Julius Randle scored 16 of his 18 points in the first half as Kentucky beat Tennessee, 74-66, Saturday.
LEXINGTON, Ky. (WDRB) – You don't have to dig a millimeter into the box score of Kentucky's 74-66 victory over Tennessee in Rupp Arena Saturday to find major flashing lights, indicators that the Wildcats could have lost this basketball game.
Tennessee outrebounded Kentucky by 15, only the second time this season the Wildcats have been beaten on the glass. The Vols outscored the Wildcats in the paint by a dozen. They had more second-chance points.
But in the end Kentucky had time to exhale and enjoy the Wildcats' 13th victory and third in four Southeastern Conference games.
Because Kentucky shot the ball like Tony Delk and Kyle Macy were in the house. The Wildcats made seven of 16 three-point shots and an amazing 23 of 24 free throws.
Andrew Harrison stepped forward as the star of the game, scoring a career-high 26 while making all 10 of his free throws. The Wildcats also did solid work defending the three-pointer, forcing the Vols to miss 11 of 13.
TAKE ‘EM, THEY'RE FREE – Until Saturday Kentucky's best free-throw shooting performance came against Cleveland State. The Wildcats made 27 of 35, a percentage of 77.1 percentage. Kentucky had failed to make better than 65 percent of its free throws in its last four games. UK ranked 11th in the SEC in free throw percentage at 63.3 percent.
On Saturday the Wildcats went to the line like Macy. Swish, swish, swish. Swish, swish, swish. Kentucky made 17 straight to start the game and finished 23-for-24. Aaron Harrison had the only miss with 32.5 seconds to play.
REBOUNDING 101 – The official Southeastern Conference statistics confirm that Kentucky is first in the league in rebounding margin. The Wildcats are plus 13 over the entire season and entered Saturday's game at plus-15.7 in SEC play. That's impressive.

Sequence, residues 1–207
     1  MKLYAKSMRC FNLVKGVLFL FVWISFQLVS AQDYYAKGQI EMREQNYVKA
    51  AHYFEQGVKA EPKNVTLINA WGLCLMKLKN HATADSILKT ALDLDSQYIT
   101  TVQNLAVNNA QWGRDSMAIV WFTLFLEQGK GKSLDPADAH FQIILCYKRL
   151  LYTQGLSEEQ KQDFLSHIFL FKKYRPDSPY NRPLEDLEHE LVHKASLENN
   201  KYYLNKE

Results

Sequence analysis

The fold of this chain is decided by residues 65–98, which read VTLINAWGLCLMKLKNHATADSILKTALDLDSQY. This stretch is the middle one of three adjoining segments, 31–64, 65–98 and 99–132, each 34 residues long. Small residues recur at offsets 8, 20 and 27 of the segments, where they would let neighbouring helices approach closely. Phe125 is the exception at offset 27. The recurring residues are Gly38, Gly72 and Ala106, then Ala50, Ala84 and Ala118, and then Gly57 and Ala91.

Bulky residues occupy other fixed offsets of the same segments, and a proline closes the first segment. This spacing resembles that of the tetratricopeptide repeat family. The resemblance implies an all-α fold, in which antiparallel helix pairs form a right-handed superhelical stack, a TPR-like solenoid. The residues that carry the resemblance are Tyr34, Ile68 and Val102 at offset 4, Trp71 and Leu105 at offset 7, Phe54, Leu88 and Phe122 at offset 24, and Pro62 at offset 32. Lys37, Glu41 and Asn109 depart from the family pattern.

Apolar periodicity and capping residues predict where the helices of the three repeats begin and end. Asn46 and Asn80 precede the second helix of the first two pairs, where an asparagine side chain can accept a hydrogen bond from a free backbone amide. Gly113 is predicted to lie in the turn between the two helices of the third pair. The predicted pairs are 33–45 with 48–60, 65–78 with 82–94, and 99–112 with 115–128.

But it does not mean the Wildcats have it figured out on the glass. They don't. A failure to block out cost the Wildcats a chance to win at Arkansas Tuesday night. And Tennessee pounded Kentucky on the glass Saturday, grabbing 20 offensive rebounds, only four fewer than the Wildcats grabbed on both ends of the floor.
WHERE'S WILLIE? – Willie Cauley-Stein was mostly a no-show Tuesday night in Fayetteville. Two points. Six rebounds. Just one blocked shot in 18 minutes.
Cauley-Stein was not much more effective Saturday against the Volunteers. He failed to score and added only three rebounds while missing all five of his field-goal attempts. It's the third time in five games that Cauley-Stein has failed to score in double figures.
Is it time to bump Cauley-Stein from the starting lineup and replace him with either Alex Poythress or Dakari Johnson?
NO CALL NO PROBLEM – Kentucky fans were unhappy with the officials late in the first half, even though they got one right.
Tennessee forward Jeronne Maymon had both of his beefy hands wrapped around a rebound when he moved into a double team. Maymon flexed both of his elbows to clear the way to pass the ball. Down went UK guard Andrew Harrison.
Flagrant foul? Kentucky basketball?
Not so fast.
The officials went to the replay monitor and saw what the TV audience saw, but folks in Rupp Arena missed the explanation because a replay was never aired.
Maymon's elbow hit nothing but air. Harrison went down without contact.
No foul was called. Tennessee basketball, even though John Calipari tried to argue the point.
No problem. The decision stirred what had been a disengaged crowd – and Kentucky outscored Tennessee 10-4 over the rest of the half to take a 34-32 halftime lead, even though the Vols grabbed a dozen more rebounds than the home team in the first half.
UP NEXT – Kentucky needs to continue to try to get well at home – and the Wildcats have back-to-back opportunities to do it. Surprising Texas A&M visits Rupp
Arena Tuesday night. The Aggies have won their first three SEC games, including a trip to Tennessee. Georgia comes to Lexington Saturday, and the Bulldogs have also been better than expected, winning two of their first three, including a trip to Missouri.